Fraser Institute report misses the mark on consumer electricity costs.
A recent Fraser Institute study misrepresents the impact of wind energy on the electricity bills paid by Ontario consumers. This is the conclusion of Power Advisory LLC, a leading management consulting firm that specializes in North American electricity markets. On behalf of the Canadian Wind Energy Association (CanWEA),
Power Advisory LLC undertook an analysis of the Fraser Institute report, “What Goes Up… Ontario’s Soaring Electricity Prices and How to Get Them Down.”
By focusing solely on the Global Adjustment (GA), one component of every consumer’s electricity bill, the Fraser Institute study fails to acknowledge several key drivers of electricity price increases, including the costs of upgrading and renewing aging electricity infrastructure (such as transmission lines and smart metres), and charges such as the Debt Retirement Charge associated with Ontario’s past investments in nuclear power. When all elements of the electricity bill are taken into account, Power Advisory concludes that wind energy accounts for only 4% of a typical Ontario consumer’s electricity bill.
As for the GA, the main reason it has gone up is that Hourly Ontario Energy Price (HOEP) has gone down. There is an inverse relationship between the two: when one goes up, the other goes down. While total electricity costs have gone up, the changes in the GA described by the Fraser Institute have been largely offset by changes in the HOEP.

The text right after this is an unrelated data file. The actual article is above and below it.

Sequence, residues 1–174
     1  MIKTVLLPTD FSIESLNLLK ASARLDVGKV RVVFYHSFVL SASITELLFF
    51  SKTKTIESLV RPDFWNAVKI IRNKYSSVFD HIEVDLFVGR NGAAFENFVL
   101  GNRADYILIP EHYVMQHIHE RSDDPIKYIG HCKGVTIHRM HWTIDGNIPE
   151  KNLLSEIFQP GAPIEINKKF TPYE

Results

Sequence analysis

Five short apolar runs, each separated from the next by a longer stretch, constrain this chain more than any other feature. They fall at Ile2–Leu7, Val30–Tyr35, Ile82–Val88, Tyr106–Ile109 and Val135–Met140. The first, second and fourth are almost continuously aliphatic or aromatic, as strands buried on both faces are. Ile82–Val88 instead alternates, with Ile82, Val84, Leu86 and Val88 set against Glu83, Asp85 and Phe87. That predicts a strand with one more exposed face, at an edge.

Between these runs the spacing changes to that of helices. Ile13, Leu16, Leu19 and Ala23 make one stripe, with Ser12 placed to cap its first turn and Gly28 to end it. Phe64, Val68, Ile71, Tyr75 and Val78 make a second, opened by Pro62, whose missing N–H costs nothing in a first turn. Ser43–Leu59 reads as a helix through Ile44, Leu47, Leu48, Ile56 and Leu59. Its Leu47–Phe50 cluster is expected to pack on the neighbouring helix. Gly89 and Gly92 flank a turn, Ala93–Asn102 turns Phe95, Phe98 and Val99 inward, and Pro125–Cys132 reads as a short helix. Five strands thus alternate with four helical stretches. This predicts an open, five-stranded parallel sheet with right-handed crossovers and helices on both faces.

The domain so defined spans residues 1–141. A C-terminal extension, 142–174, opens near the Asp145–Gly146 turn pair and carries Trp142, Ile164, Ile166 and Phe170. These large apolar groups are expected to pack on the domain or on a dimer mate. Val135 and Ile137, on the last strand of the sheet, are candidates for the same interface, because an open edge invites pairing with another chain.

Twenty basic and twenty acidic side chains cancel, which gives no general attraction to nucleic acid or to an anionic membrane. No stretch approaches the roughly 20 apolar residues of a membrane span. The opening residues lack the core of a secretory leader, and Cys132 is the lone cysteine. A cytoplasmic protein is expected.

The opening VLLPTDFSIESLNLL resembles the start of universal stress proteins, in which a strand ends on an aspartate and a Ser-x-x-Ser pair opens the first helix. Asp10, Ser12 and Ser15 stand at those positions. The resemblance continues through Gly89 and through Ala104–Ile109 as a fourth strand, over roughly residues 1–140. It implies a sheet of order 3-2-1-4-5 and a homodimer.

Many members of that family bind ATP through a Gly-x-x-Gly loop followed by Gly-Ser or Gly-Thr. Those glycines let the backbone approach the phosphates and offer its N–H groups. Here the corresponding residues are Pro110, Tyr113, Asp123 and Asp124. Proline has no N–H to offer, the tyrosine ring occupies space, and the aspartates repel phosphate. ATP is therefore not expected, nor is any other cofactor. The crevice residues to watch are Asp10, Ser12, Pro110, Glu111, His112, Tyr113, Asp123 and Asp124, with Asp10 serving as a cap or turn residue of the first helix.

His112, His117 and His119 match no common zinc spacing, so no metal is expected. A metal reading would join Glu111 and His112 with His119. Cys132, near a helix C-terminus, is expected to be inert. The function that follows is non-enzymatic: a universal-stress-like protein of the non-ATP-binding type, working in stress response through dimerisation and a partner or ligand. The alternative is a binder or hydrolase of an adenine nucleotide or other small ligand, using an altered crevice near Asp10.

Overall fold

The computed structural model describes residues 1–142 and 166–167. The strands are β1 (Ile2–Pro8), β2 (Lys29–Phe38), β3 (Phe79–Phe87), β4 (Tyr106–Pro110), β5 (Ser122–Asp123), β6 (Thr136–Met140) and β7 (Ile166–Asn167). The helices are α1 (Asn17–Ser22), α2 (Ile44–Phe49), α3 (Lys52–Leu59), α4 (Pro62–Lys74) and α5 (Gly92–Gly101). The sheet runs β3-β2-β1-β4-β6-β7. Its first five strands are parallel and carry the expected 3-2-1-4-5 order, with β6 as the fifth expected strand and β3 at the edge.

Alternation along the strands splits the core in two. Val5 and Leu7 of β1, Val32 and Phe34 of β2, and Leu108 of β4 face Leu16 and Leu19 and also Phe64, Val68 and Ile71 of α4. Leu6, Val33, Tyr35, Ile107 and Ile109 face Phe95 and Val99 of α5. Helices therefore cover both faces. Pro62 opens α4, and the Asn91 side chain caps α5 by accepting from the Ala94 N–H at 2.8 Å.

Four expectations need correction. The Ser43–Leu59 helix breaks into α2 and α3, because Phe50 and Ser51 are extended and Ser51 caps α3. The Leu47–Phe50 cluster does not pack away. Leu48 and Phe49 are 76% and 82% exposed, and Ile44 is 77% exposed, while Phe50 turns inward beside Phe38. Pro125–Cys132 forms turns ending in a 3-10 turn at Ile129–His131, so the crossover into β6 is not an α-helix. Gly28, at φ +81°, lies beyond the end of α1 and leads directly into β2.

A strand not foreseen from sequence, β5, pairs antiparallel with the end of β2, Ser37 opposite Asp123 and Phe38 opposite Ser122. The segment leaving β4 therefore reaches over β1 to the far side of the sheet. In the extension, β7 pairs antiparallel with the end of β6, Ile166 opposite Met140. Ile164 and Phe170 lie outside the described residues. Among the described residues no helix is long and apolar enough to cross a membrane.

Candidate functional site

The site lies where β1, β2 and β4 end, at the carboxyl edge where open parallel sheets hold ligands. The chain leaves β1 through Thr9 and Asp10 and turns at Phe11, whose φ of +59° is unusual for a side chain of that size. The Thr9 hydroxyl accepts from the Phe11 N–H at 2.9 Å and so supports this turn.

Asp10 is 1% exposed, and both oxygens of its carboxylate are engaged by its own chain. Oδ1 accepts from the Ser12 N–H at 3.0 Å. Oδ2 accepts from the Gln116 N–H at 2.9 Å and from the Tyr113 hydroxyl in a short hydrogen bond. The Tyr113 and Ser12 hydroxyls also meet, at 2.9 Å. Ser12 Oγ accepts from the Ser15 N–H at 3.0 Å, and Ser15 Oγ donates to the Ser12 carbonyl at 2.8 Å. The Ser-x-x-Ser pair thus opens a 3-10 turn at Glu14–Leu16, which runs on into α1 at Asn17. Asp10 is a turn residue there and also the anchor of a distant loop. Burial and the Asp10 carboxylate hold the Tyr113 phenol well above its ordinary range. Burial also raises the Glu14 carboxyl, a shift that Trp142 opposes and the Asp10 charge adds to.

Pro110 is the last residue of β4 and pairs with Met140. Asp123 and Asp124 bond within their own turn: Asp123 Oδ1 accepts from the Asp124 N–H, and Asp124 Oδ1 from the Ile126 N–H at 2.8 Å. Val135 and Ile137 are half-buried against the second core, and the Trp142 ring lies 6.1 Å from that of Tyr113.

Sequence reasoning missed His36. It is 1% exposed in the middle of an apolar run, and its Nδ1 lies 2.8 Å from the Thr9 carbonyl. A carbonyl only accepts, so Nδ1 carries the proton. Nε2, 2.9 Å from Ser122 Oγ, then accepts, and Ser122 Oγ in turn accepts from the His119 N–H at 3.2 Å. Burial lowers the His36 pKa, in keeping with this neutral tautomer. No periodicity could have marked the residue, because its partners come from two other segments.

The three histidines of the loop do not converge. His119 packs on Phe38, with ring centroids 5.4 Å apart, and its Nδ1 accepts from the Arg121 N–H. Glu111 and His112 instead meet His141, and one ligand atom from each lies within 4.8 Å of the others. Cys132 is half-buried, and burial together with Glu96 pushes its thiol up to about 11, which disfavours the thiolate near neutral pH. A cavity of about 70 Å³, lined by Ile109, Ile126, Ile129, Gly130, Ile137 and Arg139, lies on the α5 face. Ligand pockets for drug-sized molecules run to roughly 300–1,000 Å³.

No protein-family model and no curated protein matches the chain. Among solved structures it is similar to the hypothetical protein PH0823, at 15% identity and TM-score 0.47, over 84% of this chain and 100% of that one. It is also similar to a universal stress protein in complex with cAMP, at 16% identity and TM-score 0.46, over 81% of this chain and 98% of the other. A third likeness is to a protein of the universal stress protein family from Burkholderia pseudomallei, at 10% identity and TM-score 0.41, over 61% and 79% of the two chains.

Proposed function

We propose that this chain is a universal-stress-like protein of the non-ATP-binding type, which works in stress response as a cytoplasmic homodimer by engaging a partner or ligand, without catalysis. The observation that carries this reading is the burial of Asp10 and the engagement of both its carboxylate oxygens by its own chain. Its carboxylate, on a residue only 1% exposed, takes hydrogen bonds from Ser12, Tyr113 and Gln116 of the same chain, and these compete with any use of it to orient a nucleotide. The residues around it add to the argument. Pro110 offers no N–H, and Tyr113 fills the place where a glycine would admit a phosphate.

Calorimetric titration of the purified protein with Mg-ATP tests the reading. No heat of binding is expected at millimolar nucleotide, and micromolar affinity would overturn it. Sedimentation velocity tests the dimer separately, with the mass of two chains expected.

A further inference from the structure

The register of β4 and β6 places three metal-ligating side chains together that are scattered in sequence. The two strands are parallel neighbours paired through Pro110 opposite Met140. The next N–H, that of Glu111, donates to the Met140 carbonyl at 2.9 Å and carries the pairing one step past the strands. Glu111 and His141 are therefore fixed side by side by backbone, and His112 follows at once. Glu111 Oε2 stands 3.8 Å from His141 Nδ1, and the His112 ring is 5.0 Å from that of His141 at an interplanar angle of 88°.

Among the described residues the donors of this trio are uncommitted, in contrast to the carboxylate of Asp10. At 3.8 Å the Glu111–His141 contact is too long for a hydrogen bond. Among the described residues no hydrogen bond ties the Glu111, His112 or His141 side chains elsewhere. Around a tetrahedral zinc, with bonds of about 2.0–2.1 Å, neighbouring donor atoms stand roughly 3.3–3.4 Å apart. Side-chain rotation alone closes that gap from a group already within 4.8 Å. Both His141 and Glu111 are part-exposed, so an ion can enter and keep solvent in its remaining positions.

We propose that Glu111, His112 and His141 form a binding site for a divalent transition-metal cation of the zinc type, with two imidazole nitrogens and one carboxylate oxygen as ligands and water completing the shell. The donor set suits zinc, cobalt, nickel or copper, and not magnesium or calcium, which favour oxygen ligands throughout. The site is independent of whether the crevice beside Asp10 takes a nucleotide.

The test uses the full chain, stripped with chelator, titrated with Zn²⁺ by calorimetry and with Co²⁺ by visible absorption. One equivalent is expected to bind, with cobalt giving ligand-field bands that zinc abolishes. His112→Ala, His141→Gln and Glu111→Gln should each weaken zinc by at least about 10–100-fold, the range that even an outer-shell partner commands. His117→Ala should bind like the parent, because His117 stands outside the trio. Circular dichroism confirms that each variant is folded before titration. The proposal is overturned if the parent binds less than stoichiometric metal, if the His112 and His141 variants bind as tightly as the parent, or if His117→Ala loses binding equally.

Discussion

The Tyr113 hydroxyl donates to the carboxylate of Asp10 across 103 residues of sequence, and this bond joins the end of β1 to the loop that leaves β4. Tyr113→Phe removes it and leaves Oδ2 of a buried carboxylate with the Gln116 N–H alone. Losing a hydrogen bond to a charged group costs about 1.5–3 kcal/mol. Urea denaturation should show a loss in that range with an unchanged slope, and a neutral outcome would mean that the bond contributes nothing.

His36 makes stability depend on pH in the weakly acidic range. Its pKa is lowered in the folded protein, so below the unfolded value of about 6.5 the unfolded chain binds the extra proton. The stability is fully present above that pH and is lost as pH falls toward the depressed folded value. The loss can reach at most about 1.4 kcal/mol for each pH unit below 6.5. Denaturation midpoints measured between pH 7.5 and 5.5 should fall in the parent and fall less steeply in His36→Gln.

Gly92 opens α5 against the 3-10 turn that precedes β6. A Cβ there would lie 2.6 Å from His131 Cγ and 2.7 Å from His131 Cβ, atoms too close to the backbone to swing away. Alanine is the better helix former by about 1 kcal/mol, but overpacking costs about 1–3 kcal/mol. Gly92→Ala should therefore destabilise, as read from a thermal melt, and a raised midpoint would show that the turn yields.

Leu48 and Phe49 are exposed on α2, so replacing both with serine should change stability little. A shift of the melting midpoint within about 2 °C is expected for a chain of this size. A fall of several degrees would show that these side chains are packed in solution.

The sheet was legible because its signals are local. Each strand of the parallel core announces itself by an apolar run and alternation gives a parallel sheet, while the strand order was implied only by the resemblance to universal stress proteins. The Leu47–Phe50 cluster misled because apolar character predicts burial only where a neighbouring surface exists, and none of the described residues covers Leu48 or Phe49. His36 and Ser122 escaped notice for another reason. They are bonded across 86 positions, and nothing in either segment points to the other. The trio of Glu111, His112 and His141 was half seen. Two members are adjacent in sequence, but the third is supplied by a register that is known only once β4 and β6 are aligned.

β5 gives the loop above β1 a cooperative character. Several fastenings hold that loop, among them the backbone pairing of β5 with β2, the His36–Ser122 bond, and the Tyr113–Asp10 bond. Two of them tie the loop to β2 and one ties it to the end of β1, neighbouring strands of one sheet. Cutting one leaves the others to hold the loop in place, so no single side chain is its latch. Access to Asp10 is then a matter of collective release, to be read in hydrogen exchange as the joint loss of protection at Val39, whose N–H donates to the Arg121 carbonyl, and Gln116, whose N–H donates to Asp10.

Power Advisory concludes that the Fraser Institute’s study methodology ignores the major driver of reductions in the HOEP: falling natural gas prices. It is reductions in the price of natural gas over time that largely explain the increases seen in GA compensatory payments to all generators (including nuclear, wind, hydro, solar and gas) under Ontario’s electricity market structure. By leaving the main drivers – HOEP and the price of natural gas – out of their analysis, the Fraser Institute grossly overstates the impact of wind on consumers’ electricity bills.
CanWEA president Robert Hornung says that electricity prices are increasing because Ontario is transitioning to a modern, agile and cost-competitive electricity system, which benefits all Ontarians.
“All new sources of power generation will cost more to develop than power plants built a generation or more ago, and wind energy is now cheaper than new nuclear power, cost-competitive with hydroelectric power and does not bear the commodity and carbon price risks associated with natural gas generation,” he says.
Mr. Hornung adds that Ontario’s electricity generation fleet continues to evolve as it incorporates clean and affordable electricity supply in order to safely and reliably meet the province’s future electricity needs.
“This transition must continue and the Fraser Institute’s recommendation to restart some of Ontario’s coal-fired generation fleet flies in the face of our clear need to reduce greenhouse gas emissions to address climate change,” he says.
Canadian Wind Energy Association
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